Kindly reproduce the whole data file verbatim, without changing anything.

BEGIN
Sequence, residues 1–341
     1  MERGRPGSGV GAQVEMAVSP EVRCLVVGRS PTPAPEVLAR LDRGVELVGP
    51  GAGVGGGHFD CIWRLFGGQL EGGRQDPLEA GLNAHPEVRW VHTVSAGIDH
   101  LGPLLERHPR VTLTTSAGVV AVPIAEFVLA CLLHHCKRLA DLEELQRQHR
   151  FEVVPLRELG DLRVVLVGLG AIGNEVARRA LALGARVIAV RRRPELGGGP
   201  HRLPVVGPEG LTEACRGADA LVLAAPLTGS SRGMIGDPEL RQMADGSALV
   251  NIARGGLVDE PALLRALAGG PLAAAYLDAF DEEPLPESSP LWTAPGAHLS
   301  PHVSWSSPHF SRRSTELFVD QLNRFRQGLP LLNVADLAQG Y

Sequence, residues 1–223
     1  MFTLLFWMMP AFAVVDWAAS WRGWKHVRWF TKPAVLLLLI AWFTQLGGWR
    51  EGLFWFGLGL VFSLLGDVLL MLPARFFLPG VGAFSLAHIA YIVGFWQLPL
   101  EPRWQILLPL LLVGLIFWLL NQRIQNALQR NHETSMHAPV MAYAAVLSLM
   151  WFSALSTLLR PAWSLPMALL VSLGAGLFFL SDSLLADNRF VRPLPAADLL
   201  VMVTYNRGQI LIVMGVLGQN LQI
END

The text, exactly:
Sequence, residues 1–341
     1  MERGRPGSGV GAQVEMAVSP EVRCLVVGRS PTPAPEVLAR LDRGVELVGP
    51  GAGVGGGHFD CIWRLFGGQL EGGRQDPLEA GLNAHPEVRW VHTVSAGIDH
   101  LGPLLERHPR VTLTTSAGVV AVPIAEFVLA CLLHHCKRLA DLEELQRQHR
   151  FEVVPLRELG DLRVVLVGLG AIGNEVARRA LALGARVIAV RRRPELGGGP
   201  HRLPVVGPEG LTEACRGADA LVLAAPLTGS SRGMIGDPEL RQMADGSALV
   251  NIARGGLVDE PALLRALAGG PLAAAYLDAF DEEPLPESSP LWTAPGAHLS
   301  PHVSWSSPHF SRRSTELFVD QLNRFRQGLP LLNVADLAQG Y

Sequence, residues 1–223
     1  MFTLLFWMMP AFAVVDWAAS WRGWKHVRWF TKPAVLLLLI AWFTQLGGWR
    51  EGLFWFGLGL VFSLLGDVLL MLPARFFLPG VGAFSLAHIA YIVGFWQLPL
   101  EPRWQILLPL LLVGLIFWLL NQRIQNALQR NHETSMHAPV MAYAAVLSLM
   151  WFSALSTLLR PAWSLPMALL VSLGAGLFFL SDSLLADNRF VRPLPAADLL
   201  VMVTYNRGQI LIVMGVLGQN LQI